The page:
A bubble in Chinese stocks is bursting and the market is likely to halve in value from current levels, one strategist told CNBC on Thursday.
But even after the correction, the Chinese stock market is up some 40 percent this year alone, boosted by heavy investment by retail investors and monetary easing from China's central bank.
"We're cautious on Chinese equities, which we think is a bubble which is bursting real-time here," Stewart Richardson, chief investment officer at RMG Wealth Management, said on CNBC's "Worldwide Exchange."
Richardson said the Chinese market had "all the hallmarks" of a bubble—a rally driven by retail investors and valuations at more extreme levels than in the U.S. tech sector in 2000, just before prices fell sharply.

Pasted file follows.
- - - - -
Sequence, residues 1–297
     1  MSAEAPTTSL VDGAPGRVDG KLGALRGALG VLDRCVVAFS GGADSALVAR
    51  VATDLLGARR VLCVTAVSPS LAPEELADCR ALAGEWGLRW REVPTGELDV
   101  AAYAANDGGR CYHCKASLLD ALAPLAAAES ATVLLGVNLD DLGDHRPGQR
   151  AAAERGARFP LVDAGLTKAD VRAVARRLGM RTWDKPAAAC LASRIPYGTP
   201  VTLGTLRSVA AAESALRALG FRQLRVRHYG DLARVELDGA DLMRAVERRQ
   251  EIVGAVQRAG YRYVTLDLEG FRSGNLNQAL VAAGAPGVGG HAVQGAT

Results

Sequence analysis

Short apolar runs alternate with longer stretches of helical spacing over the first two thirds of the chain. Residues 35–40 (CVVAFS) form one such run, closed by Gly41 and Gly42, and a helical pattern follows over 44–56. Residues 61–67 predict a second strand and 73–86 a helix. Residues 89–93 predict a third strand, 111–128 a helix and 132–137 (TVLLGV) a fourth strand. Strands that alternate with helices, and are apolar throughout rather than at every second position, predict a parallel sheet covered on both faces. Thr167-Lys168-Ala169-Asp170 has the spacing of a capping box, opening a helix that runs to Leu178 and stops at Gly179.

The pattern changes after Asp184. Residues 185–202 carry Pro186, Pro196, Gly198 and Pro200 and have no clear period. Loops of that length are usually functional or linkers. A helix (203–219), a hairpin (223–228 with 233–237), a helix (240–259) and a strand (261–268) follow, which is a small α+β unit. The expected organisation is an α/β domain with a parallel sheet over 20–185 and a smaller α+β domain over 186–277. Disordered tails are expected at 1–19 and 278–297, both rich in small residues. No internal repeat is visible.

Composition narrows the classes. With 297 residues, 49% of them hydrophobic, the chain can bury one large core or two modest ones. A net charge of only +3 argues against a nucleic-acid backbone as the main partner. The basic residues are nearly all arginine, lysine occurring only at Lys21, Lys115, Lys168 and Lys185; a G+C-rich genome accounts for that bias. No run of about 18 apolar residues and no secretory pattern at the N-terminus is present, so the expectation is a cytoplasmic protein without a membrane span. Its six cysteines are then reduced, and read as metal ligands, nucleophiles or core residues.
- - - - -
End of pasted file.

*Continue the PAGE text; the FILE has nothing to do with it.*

"We're beginning to see some price action—we're down 13 percent on the major indices last week. We've seen a bit of a bounce, then more selling coming in. Chinese stocks could pretty much halve from where they are today," he said.
Richardson added that it was a "dangerous time" for Chinese stocks, with the economy slowing and corporate profitability poor.
China's economy grew 7 percent in the first three months of the year—its slowest pace since 2009.
"If China does what we think it could, which is to fall by 50 percent, then the Hong Kong markets will be hit very hard. We're avoiding those markets," Richardson said.
—By CNBC.com's Dhara Ranasinghe.